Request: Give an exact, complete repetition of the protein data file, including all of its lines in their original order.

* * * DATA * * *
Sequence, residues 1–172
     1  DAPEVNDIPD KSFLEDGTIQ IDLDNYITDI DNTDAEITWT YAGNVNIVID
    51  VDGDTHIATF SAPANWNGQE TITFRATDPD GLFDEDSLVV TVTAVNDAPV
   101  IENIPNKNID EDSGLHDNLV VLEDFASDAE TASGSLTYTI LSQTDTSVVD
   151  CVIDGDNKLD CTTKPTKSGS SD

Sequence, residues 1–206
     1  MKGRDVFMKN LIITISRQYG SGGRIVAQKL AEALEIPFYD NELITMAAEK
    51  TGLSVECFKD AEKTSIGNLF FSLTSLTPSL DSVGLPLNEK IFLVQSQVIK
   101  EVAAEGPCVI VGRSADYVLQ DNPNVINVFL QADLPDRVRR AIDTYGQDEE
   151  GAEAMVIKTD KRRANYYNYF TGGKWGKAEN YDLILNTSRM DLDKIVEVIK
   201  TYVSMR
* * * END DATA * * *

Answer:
Sequence, residues 1–172
     1  DAPEVNDIPD KSFLEDGTIQ IDLDNYITDI DNTDAEITWT YAGNVNIVID
    51  VDGDTHIATF SAPANWNGQE TITFRATDPD GLFDEDSLVV TVTAVNDAPV
   101  IENIPNKNID EDSGLHDNLV VLEDFASDAE TASGSLTYTI LSQTDTSVVD
   151  CVIDGDNKLD CTTKPTKSGS SD

Sequence, residues 1–206
     1  MKGRDVFMKN LIITISRQYG SGGRIVAQKL AEALEIPFYD NELITMAAEK
    51  TGLSVECFKD AEKTSIGNLF FSLTSLTPSL DSVGLPLNEK IFLVQSQVIK
   101  EVAAEGPCVI VGRSADYVLQ DNPNVINVFL QADLPDRVRR AIDTYGQDEE
   151  GAEAMVIKTD KRRANYYNYF TGGKWGKAEN YDLILNTSRM DLDKIVEVIK
   201  TYVSMR